MANILA — An interim report of the Independent Oversight and Advisory Committee for the World Health Organization’s Health Emergencies Programme has recommended that member states review and update the International Health Regulations “to reflect lessons from the pandemic.”
COVID-19 is WHO's biggest emergency, but politics is its biggest headache. We ask experts what the world really wants from WHO.
The IHR is an internationally binding treaty that outlines WHO and member states’ obligations in a public health emergency, and many of the issues the committee found in its report related to this treaty.
On Jan. 30, WHO declared COVID-19 a public health emergency of international concern, the highest alert the WHO chief can issue under the IHR. But the committee said member states’ actions varied following the announcement, raising questions about how serious member states take a PHEIC declaration.
The committee said the design of the PHEIC “is very broad.” It can be applied to an outbreak within a country, as in the case of the ongoing Ebola outbreak in the Democratic Republic of the Congo; a regional outbreak, such as the Ebola crisis in West Africa; as well as an outbreak that affects all regions of the world, which is the case with COVID-19.
Thus it encouraged member states to consider the necessity of additional measures to the IHR, such as “stepped level of alerts,” which seems similar to a traffic light system that WHO Director-General Tedros Adhanom Ghebreyesus has mentioned several times when it comes to alerting the world to emergencies.
The committee also said member states may consider whether to improve the transparency of the emergency committee process — which happens behind closed doors — and review IHR focal points — organizations that are state-appointed — in countries to determine whether they’re able to “adequately raise the alarm” to government ministers after a PHEIC declaration.
The review also looked at the quality of countries’ data reports on COVID-19, noting that its varied nature makes it difficult for WHO to analyze the outbreak and compare countries’ readiness to the pandemic.
Member states may also want to reassess WHO’s role in providing travel advice during a pandemic — which is also part of the IHR framework — since 100 member states implemented additional travel measures beyond WHO’s recommendations.
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“This pandemic has called into question whether the existing roles and responsibilities that the IHR assign to the WHO Secretariat and to Member States are widely understood, fit for purpose and still appropriate for a pandemic,” the report states.
WHO’s Health Emergencies Programme
The committee said WHO’s internal communication and decision-making processes “have been greatly improved” under the COVID-19 pandemic and encouraged the organization’s continued engagement with partners.
However, the WHO health emergencies program’s incident management support team “is overstretched due to the huge demand generated by the pandemic,” while at the same time its budget is “too modest” to implement all activities needed to support member states during a health emergency.
In addition to the pandemic, the health emergencies program is responding to 60 graded crises globally, five of which are classified as grade 3 crises, meaning it requires substantial WHO response, as of May 2020, according to the report.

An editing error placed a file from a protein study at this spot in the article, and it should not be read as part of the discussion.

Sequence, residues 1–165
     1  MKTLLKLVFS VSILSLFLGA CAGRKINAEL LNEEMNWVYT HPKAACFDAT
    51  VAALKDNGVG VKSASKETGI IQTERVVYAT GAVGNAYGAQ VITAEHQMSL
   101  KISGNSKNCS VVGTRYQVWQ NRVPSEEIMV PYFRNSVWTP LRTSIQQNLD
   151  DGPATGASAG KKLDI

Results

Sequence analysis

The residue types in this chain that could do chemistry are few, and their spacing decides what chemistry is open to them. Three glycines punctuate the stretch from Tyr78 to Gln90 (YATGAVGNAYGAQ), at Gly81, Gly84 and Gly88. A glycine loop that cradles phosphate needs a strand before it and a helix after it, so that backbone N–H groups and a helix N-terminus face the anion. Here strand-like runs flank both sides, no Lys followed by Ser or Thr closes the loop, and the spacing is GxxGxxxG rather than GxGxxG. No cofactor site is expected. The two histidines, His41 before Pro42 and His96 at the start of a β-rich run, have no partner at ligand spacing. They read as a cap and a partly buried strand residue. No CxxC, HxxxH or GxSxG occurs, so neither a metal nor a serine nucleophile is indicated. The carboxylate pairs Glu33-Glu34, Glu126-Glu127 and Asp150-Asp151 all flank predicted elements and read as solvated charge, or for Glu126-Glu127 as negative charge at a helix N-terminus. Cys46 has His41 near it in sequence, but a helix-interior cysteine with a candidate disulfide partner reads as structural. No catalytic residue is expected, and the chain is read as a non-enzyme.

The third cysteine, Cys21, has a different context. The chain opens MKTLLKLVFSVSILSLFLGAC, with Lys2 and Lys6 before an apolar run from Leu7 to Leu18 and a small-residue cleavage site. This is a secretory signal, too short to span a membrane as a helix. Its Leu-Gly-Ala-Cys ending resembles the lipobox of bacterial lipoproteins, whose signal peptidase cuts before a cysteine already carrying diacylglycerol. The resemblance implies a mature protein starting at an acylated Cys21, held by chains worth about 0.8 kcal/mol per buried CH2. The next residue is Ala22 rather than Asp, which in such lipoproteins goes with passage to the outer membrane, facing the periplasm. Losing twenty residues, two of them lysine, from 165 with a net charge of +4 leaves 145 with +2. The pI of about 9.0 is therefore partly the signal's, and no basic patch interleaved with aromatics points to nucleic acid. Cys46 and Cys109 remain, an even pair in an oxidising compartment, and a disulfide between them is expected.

For COVID-19 alone, WHO requires $1.7 billion until December 2020. However, as of May 15, the aid agency has received only 36.2% or only over $600 million of its ask.
An independent review
The committee acknowledged that its report was interim and not a comprehensive assessment of WHO’s response to COVID-19.
“In keeping with the IOAC mandate, it is a compilation of observations of how the structures and processes established by WHO, through the WHE Programme and related mechanisms, functioned from January to April 2020 in the context of the COVID-19 response,” according to the report.
It doesn’t address some of the burning questions people have, such as when did China learn of the disease, when did it inform WHO, where did it happen, and how did it start.
The report recommends that “it may be useful, at an appropriate time, to independently assess the Organization’s performance during this response and identify lessons for the future.”
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That assessment, it says, should be determined by member states and cover both WHO and member states’ actions in response to the pandemic.
A draft resolution, led by the European Union and co-sponsored by a number of member states, has been the subject of negotiations in the lead up to the 73rd World Health Assembly.
Two of the main points that attracted significant attention were issues on access to COVID-19 technologies and a proposal to pool patents for these technologies and calls for a “stepwise process of impartial, independent and comprehensive evaluation” of the WHO-coordinated response to the pandemic that the WHO director-general welcomed.
In his speech before member states at the opening of the 73rd WHA on Monday, WHO chief Tedros Adhanom Ghebreyesus said he will initiate an independent evaluation of the response “at the earliest appropriate moment.” This will help take stock of lessons learned from the response, and ways to improve national and global response to a pandemic in the future.
“To be truly comprehensive, such an evaluation must encompass the entirety of the response by all actors, in good faith,” he said.
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